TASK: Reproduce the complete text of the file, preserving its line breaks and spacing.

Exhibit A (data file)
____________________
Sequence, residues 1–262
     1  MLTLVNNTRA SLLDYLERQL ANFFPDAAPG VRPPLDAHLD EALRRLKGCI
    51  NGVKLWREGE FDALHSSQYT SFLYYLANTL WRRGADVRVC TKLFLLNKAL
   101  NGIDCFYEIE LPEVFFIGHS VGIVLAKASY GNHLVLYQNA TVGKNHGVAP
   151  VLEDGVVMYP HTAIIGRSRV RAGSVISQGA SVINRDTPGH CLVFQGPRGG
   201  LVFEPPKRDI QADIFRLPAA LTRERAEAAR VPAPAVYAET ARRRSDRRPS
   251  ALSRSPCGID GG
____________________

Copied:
Sequence, residues 1–262
     1  MLTLVNNTRA SLLDYLERQL ANFFPDAAPG VRPPLDAHLD EALRRLKGCI
    51  NGVKLWREGE FDALHSSQYT SFLYYLANTL WRRGADVRVC TKLFLLNKAL
   101  NGIDCFYEIE LPEVFFIGHS VGIVLAKASY GNHLVLYQNA TVGKNHGVAP
   151  VLEDGVVMYP HTAIIGRSRV RAGSVISQGA SVINRDTPGH CLVFQGPRGG
   201  LVFEPPKRDI QADIFRLPAA LTRERAEAAR VPAPAVYAET ARRRSDRRPS
   251  ALSRSPCGID GG